Third in a series
Alan Greenspan, the chairman of the Federal Reserve Board, can’t understand why people are worried about their jobs.
“Today, a truly puzzling phenomenon confronts the American economy,” he told an economic conference in June 1996. “I refer to the pervasiveness of job insecurity in the context of an economic recovery that has been running for more than five years …
“This sense of job insecurity is so deep that many workers fear their ability to make ends meet in the future. Many appear truly concerned about a prospective decline in their standard of living.”
And jobs were plentiful. As Greenspan had put it in January 1995, “cumulatively, payrolls have now increased roughly six million over the last couple of years.”
Betty Lizana knows a little bit about those jobs.
She’s held two of them.
Both paid less than the job she lost.
For 16 years, Lizana was the payroll officer at an assembly plant in Biloxi, Miss., that made electrical wiring components for vehicles and household appliances.
In May 1992, the plant’s owner, Fleck Inc., closed the Biloxi facility, packed up the machinery and shipped it to a plant in Juarez, Mexico, where labor is cheaper. Lizana was dismissed, along with about 50 others.
Betty Lizana’s odyssey since then says much about how working Americans - especially women - are faring in today’s job market. And it helps explain the anxiety about jobs that Greenspan and others in Washington can’t quite grasp.
The working lives of millions of Americans have been upended by changes brought about by Washington policies. And the burden has fallen most heavily on women.
At a time when unprecedented numbers of women are diving into the work force - often because their households desperately need the income - the tide is going out. High-paying jobs, never common for women, are becoming even scarcer.
In July 1993, about a year after she was let go by Fleck - long after her unemployment benefits had run out - Betty Lizana found another job. She became a cashier on the Biloxi Belle, one of the floating casinos lining the Gulf Coast near Biloxi.
But shortly after she started, the Biloxi Belle ran into trouble. The casino’s owners filed for bankruptcy court protection. Then, in January 1994, court officers were sent to close down the ship and secure its assets.
This time, it took a year and a half to find another job. The Lizana family got by on her unemployment compensation and on her husband’s small disability pension. Lizana’s new job was with a contractor for an employer that has been trimming its payroll for five years, dismissing more than 260,000 workers: the U.S. government.
In September 1995, she began managing the food-service inventory at Keesler Air Force Base, the area’s largest employer. But it’s only part time.
In four years, Betty Lizana, 52, went from full-time payroll supervisor in an assembly plant at $9 an hour to full-time casino cashier at $5 an hour to part-time food-service worker at $7.97 an hour - whenever she can get work.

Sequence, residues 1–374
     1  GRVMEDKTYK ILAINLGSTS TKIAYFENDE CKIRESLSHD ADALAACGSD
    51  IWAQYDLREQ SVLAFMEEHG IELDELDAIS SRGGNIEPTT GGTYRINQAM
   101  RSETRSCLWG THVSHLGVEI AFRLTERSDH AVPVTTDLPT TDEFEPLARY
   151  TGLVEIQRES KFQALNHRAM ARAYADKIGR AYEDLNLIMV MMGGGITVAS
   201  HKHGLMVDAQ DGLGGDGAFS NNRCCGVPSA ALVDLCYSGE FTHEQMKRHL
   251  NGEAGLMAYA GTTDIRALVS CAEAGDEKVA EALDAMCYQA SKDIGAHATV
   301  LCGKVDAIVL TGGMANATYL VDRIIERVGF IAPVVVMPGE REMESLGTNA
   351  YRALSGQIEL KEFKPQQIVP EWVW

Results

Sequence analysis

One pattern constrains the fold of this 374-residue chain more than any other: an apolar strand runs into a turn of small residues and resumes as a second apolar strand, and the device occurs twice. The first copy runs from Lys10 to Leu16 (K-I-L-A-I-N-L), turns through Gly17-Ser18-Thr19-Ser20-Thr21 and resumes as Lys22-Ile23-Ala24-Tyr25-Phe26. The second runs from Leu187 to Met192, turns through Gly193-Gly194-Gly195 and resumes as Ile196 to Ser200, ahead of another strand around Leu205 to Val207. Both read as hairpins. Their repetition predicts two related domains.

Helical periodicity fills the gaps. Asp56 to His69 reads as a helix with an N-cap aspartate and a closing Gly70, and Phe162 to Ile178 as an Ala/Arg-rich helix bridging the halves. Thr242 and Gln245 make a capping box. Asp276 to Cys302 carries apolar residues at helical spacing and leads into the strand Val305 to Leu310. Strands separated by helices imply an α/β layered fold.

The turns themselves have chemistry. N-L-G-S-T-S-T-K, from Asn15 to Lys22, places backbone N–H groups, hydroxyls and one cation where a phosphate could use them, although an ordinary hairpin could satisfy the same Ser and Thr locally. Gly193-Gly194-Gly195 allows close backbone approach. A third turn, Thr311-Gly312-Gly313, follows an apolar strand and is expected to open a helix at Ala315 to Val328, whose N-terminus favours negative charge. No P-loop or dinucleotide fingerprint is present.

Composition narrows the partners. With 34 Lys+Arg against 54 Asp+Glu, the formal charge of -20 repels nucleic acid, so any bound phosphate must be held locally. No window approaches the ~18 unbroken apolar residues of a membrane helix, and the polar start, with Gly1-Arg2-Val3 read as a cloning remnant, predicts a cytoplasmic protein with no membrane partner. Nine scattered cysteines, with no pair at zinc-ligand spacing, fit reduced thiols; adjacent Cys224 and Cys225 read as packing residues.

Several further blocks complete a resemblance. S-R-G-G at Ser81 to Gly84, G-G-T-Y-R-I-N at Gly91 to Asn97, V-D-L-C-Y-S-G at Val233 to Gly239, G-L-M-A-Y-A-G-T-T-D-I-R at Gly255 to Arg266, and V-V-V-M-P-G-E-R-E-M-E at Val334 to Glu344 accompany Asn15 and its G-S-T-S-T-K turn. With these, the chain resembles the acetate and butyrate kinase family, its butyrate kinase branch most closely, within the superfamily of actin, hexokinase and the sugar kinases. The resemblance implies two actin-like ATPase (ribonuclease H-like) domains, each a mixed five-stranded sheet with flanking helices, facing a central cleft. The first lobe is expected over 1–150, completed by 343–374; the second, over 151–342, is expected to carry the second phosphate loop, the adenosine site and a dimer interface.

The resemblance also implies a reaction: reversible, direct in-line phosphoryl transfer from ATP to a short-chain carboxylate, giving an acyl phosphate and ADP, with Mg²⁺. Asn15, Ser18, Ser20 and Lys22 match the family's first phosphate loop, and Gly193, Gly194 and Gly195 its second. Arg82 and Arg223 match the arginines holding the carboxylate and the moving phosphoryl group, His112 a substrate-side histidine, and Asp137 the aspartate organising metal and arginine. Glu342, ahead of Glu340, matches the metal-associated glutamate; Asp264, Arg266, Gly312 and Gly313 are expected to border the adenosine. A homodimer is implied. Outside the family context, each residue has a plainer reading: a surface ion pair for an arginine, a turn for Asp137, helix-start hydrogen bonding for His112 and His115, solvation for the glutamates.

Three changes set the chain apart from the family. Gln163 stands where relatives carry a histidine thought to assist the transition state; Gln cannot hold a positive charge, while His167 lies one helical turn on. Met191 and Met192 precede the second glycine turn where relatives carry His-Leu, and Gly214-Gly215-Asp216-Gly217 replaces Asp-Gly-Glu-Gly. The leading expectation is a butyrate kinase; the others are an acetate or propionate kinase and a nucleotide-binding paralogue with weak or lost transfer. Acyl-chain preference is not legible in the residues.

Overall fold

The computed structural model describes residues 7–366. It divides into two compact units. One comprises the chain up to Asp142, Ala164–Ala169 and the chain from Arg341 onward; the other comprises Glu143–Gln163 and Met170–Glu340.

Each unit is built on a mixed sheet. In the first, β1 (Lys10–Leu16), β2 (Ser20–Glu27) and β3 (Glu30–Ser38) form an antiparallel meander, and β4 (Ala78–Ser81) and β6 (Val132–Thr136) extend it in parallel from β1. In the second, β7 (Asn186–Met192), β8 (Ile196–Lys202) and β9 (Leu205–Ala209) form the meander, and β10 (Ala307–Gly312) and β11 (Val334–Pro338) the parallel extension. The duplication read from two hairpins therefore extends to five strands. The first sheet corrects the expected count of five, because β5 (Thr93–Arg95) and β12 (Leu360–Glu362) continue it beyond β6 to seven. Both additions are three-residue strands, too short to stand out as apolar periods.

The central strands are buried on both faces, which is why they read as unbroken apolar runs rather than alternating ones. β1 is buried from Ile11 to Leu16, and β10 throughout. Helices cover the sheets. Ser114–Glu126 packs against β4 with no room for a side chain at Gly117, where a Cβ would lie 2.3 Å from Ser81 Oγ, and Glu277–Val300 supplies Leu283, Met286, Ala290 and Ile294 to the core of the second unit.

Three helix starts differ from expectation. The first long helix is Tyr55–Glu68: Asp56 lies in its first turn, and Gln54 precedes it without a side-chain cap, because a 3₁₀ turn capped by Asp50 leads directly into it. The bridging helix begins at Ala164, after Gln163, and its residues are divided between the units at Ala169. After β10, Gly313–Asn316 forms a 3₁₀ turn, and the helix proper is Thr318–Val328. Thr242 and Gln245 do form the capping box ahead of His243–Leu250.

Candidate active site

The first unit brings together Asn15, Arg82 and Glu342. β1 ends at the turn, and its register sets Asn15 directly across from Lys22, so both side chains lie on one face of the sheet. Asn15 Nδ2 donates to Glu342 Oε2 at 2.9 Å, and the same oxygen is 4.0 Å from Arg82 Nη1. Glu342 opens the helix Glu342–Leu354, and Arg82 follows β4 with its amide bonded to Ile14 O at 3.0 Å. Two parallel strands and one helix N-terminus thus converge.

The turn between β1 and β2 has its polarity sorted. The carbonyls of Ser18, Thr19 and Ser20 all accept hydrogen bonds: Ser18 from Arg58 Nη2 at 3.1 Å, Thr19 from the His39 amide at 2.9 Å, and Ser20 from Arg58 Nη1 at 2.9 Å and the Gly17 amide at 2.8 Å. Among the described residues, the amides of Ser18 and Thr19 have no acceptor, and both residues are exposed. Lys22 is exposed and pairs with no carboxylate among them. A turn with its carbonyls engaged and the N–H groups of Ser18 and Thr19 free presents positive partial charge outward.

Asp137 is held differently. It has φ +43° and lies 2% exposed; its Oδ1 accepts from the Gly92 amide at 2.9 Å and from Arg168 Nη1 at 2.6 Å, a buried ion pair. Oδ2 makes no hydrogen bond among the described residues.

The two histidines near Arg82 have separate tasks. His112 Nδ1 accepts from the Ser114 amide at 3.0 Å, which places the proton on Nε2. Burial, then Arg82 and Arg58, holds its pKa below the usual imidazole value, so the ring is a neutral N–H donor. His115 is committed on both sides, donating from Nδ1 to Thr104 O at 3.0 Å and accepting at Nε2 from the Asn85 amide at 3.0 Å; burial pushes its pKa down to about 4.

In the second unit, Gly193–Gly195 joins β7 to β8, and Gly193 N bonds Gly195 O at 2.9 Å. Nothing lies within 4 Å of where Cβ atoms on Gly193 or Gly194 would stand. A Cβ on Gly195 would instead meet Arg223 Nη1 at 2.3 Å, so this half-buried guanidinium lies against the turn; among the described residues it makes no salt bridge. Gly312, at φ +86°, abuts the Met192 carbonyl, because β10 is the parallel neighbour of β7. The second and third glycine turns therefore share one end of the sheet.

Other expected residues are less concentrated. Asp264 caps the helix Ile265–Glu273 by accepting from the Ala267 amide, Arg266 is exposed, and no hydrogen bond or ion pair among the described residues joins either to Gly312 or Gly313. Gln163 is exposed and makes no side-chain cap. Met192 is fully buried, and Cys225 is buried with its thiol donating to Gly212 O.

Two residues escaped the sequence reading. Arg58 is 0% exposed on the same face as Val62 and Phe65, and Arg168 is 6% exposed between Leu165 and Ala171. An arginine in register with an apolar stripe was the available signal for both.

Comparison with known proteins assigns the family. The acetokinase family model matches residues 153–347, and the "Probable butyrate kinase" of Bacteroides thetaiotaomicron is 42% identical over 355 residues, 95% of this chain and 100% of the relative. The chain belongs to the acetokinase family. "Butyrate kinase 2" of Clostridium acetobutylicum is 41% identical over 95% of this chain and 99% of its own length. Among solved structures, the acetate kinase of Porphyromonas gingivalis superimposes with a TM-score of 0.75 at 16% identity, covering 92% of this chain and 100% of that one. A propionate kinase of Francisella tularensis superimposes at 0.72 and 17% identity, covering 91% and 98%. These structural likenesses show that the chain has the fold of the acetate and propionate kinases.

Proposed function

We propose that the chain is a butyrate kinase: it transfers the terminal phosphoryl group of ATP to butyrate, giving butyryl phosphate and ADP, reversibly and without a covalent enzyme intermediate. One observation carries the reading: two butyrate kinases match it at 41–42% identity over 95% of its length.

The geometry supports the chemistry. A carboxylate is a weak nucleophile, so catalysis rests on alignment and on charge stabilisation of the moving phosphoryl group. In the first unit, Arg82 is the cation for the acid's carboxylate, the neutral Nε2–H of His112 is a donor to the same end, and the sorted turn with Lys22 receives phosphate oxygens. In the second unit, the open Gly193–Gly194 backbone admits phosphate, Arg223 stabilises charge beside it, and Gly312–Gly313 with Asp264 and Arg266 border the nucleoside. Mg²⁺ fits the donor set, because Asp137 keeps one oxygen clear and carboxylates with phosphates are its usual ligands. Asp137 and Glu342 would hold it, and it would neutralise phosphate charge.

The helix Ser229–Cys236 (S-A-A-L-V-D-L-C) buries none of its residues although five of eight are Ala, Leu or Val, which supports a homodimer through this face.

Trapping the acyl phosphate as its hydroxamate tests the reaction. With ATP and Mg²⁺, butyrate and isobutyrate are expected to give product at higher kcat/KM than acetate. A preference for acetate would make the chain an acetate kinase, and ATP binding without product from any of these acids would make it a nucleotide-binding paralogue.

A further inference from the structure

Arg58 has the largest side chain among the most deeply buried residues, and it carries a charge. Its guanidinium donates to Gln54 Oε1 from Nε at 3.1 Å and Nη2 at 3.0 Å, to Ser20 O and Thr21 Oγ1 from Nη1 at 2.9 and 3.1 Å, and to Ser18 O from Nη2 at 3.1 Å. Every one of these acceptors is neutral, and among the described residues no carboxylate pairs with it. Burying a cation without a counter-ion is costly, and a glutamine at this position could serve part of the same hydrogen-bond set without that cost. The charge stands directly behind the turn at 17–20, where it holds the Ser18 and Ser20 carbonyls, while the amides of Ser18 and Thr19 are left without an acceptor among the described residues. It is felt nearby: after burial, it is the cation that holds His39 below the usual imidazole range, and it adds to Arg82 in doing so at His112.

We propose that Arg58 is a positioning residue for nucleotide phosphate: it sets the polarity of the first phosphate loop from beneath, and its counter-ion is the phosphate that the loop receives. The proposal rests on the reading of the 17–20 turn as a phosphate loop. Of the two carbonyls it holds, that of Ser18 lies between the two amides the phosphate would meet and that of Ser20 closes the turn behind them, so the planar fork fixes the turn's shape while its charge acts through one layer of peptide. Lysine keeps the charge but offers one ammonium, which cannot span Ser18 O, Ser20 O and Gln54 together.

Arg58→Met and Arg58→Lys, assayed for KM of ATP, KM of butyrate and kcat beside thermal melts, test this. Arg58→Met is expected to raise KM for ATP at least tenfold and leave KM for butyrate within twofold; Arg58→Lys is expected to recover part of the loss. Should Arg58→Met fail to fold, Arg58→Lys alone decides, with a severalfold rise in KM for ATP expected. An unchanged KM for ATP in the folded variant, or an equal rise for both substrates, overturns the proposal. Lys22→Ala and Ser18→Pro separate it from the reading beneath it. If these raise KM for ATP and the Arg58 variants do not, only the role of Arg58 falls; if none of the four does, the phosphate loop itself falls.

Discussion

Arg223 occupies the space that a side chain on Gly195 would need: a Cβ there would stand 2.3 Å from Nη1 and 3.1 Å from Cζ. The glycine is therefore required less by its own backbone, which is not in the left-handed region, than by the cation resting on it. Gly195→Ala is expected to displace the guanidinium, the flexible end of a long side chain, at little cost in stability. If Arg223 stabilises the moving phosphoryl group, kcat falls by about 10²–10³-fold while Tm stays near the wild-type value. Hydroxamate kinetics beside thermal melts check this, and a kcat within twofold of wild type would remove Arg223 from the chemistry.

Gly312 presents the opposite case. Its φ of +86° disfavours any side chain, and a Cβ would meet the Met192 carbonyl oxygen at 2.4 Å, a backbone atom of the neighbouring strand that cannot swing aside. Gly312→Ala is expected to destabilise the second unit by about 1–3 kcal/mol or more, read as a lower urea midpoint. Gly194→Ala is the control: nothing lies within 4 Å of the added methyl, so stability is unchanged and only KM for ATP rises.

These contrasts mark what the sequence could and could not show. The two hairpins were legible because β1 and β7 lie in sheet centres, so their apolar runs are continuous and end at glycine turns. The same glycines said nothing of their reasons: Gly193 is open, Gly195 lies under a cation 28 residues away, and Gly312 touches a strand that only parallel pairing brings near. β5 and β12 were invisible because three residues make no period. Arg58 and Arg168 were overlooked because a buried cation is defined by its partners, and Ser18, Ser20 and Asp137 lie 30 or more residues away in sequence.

Welcome to the jobs of the 21st century.
In the last 30 years, Washington trade policies have swept manufacturing jobs away, to low-wage countries. In one industry that was among America’s largest - apparel - it was primarily women who staffed the factories. Nearly half of those jobs are gone. Except for those in the professional class, most women now must resort to service jobs: the clerking, cleaning, table-waiting and cashiering jobs that provide little money, few or no benefits, and part time or irregular hours.
This is true for veteran workers like Betty Lizana just as it is for women seeking their first job.
And for women, the harm is all the greater because, as a group, they were already earning less than men.
In 1995, the median weekly earnings of women were 75 percent of men’s wages. This disparity persists across nearly every occupation.
There are, of course, some jobs in which men and women are paid the same: those that pay minimum wage or a little more. Not surprisingly, women hold more of these jobs.
In 1995, a total of 6.4 million people aged 25 and older earned between $4.25 - the minimum wage - and $5.99 an hour. Of that number, 4.3 million - or 67 percent - were women.
These numbers can be expected to grow substantially, since new welfare rules require recipients - most of whom are women - to work.
While men have always earned more than women, this stubborn gap is taking on much more urgency, because women are making up an increasingly greater share of the work force.
In fact, sometime early next century, women - for the first time - will outnumber men in the U.S. workplace.
One reason: more and more women are solely responsible for a household. While single mothers and other heads of households are the fastest growing group, their “incomes” aren’t growing at all.
Their average adjusted gross income went from $6,100 in 1970 to $19,200 in 1993 - a 215 percent increase, lagging behind the inflation rate of 272 percent for the period. So single mothers today are worse off than the single mothers of 1970.
The inevitable result of all these factors: Nearly twice as many adult women as men are below the poverty level. In all, 14.1 million women over 18 were classified as living in poverty in 1994, compared with 8.6 million men.
What this means, of course, is that an ever-increasing number of American children are growing up in poverty. In 1994, more than 15 million children lived below the poverty line. That was up from 13 million a decade before.
Lest you think things are going to get better for women, take a careful look at the federal government’s job projections for 1996 to 2005.
These are the occupations that the Department of Labor says will show the greatest growth and therefore offer the greatest opportunities.
Just what might these employment opportunities be in an era that Washington policymakers say, over and over, depends on our ability to create high-tech jobs?